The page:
The Atlanta Thrashers, a National Hockey League (NHL) franchise, played in Atlanta from 1999 to 2011. In 2011, having lost $130 million since 2005, the team was sold to True North Sports and Entertainment and became the Winnipeg Jets of Manitoba, Canada. Although the team saw little success on the ice, the organization was involved with several successful philanthropic efforts around Atlanta.
Before the arrival of the Thrashers, Atlanta had previously lost two other professional hockey teams. The Atlanta Flames introduced major league ice hockey to the Southeast in 1972, but the team moved in 1980 to Calgary in Alberta, Canada, because of financial problems and low attendance, despite reaching postseason play six times in its eight-year tenure. From 1992 to 1996 the minor league Atlanta Knights of the International Hockey League (IHL) called Atlanta home. The team won the league championship in 1994 but also moved to Canada and eventually disbanded, along with the IHL, in 2001.
In June 1997 the NHL awarded to Atlanta an expansion team slated to begin playing in the 1999-2000 season. That same month Turner Broadcasting System (the team’s original owner, which also owned the Atlanta Braves baseball team and Atlanta Hawks basketball team) announced that the team would be called “the Thrashers” in honor of the brown thrasher, Georgia’s state bird.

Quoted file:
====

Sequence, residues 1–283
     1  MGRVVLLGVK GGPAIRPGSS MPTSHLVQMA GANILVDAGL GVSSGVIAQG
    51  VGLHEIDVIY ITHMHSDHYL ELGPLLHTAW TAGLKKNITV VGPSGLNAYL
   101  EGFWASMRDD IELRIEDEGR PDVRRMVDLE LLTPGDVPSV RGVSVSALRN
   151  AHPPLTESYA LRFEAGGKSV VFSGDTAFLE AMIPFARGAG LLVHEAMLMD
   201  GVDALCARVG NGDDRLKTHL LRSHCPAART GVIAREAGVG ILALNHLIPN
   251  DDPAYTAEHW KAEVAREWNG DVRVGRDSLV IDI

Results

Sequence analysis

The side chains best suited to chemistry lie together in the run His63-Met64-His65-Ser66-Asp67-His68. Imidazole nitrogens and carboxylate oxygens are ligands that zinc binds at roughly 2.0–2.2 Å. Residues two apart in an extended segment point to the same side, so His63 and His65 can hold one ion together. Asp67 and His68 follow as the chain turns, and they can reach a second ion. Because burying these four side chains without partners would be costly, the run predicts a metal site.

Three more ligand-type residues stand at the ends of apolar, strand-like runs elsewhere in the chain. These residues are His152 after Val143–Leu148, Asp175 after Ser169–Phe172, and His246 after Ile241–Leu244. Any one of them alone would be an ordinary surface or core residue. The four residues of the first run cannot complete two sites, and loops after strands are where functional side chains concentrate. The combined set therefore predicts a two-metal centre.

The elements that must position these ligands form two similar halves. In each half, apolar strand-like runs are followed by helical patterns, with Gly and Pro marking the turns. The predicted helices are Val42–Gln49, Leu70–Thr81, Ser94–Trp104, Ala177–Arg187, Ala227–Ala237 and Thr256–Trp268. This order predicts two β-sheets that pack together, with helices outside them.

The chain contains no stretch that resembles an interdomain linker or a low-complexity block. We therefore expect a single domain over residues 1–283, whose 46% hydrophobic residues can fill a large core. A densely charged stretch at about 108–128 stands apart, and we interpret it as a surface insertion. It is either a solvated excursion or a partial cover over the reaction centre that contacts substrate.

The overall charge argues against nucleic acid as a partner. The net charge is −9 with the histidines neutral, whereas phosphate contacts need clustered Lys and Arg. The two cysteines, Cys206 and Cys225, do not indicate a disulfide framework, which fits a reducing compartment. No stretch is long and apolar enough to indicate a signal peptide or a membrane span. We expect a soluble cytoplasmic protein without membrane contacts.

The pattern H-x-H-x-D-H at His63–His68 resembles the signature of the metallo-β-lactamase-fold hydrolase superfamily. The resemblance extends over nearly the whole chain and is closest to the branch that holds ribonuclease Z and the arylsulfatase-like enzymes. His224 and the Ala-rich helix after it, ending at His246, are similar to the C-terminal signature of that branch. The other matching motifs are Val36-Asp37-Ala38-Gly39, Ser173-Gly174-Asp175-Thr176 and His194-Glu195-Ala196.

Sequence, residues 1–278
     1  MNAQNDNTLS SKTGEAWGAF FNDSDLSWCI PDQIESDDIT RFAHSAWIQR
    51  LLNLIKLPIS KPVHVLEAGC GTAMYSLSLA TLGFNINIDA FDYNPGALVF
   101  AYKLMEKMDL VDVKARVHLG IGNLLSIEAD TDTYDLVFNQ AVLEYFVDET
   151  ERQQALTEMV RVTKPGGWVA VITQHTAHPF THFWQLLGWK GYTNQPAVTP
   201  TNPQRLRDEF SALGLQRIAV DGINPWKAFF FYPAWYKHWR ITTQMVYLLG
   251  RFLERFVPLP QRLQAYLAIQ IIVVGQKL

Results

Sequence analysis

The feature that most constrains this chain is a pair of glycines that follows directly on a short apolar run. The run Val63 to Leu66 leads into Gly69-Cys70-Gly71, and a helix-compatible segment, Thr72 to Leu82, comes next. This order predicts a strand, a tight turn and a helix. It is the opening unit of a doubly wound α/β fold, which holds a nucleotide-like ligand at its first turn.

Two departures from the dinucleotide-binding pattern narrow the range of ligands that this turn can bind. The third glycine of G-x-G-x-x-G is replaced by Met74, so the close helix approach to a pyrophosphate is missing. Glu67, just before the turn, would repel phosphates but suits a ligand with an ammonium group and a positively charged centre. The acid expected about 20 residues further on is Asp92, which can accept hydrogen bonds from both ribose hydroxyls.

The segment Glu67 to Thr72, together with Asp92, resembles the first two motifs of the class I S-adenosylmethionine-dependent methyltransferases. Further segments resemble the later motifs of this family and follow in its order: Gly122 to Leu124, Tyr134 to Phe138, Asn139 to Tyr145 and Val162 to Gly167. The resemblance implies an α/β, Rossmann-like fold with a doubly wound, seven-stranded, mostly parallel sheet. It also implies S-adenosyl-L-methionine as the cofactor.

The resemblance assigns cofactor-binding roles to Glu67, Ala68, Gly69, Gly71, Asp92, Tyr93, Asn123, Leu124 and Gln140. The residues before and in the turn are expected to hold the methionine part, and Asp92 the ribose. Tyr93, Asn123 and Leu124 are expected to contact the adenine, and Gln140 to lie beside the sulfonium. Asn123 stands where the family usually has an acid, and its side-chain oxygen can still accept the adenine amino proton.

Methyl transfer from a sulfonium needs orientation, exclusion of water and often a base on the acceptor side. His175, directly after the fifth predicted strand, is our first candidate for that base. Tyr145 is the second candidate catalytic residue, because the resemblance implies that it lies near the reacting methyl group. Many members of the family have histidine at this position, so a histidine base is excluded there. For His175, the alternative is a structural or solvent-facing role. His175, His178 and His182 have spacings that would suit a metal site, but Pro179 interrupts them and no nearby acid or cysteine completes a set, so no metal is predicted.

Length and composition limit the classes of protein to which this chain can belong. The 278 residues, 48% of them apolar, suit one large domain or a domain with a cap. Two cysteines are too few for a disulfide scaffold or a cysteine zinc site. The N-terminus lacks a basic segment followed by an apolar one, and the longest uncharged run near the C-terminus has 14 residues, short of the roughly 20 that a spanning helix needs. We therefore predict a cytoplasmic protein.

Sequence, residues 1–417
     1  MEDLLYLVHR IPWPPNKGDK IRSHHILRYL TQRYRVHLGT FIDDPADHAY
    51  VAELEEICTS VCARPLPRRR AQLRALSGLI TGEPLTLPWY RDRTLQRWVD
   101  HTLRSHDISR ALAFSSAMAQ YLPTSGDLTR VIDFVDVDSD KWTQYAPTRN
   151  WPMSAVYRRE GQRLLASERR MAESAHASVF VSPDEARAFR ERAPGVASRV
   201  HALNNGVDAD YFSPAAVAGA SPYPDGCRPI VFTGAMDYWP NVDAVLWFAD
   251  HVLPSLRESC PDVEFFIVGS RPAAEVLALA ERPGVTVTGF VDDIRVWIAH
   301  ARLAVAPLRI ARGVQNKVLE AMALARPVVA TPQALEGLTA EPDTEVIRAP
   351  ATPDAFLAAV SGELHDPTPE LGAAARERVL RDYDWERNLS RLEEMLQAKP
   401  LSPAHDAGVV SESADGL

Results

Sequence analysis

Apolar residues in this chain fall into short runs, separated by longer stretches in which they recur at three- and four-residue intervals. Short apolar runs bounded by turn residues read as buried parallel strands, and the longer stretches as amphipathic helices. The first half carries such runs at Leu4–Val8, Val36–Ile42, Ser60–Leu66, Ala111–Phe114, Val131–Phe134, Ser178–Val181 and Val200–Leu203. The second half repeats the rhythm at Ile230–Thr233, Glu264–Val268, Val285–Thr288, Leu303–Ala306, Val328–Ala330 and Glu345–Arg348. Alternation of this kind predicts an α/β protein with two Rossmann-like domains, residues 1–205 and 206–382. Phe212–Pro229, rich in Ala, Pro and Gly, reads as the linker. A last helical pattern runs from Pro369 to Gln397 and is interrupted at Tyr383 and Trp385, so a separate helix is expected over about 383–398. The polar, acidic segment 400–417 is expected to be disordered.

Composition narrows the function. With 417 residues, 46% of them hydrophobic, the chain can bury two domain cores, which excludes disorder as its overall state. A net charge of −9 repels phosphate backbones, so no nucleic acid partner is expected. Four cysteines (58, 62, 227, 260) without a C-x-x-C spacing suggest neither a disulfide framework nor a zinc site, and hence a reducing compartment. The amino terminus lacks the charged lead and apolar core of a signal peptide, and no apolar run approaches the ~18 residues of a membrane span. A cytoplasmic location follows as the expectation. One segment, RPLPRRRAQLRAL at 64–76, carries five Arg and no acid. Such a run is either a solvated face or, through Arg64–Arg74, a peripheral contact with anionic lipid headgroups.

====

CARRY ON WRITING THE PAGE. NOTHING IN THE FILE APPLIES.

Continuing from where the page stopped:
A year after the city received its NHL franchise, Don Waddell was hired as the Thrashers’ general manager, and within nine months the team had sold 12,000 season tickets for its inaugural campaign. Season ticket sales declined during the next three seasons but increased for 2003-4.
The first player acquired by the team, in June 1999, was veteran goaltender Damian Rhodes, who played for the Thrashers for three years, despite myriad injuries. In July 1999 Curt Fraser was named the team’s first head coach.
By the time the team played its first home game at the new Philips Arena (later State Farm Arena) in downtown Atlanta on October 2, 1999 (a four-to-one loss to the New Jersey Devils), the NHL had a firm foothold in the South, with teams in central Florida (the Tampa Bay Lightning, established in 1992); Miami, Florida (the Florida Panthers, 1993); Raleigh, North Carolina (the Carolina Hurricanes, 1997); and Nashville, Tennessee (the Nashville Predators, 1998). Although the team showed improvement nearly every season, the Thrashers did not enjoy a winning season or reach the playoffs in its first five years of existence.
In June 2001 the team drafted Ilya Kovalchuk with its first overall pick in the NHL entry draft, making him the first Russian player to be the initial selection in an NHL draft. In 2002 forward Dany Heatley was named the league’s Rookie of the Year, and he and Kovalchuk were named to the All-Rookie Team.
Fraser, who had coached the IHL’s Orlando Solar Bears for four years prior to coming to Atlanta, was fired as head coach in December 2002. General manager Waddell coached the team for its next ten games, and in January 2003 he appointed Bob Hartley, whose Colorado Avalanche team won the NHL’s Stanley Cup in 2001.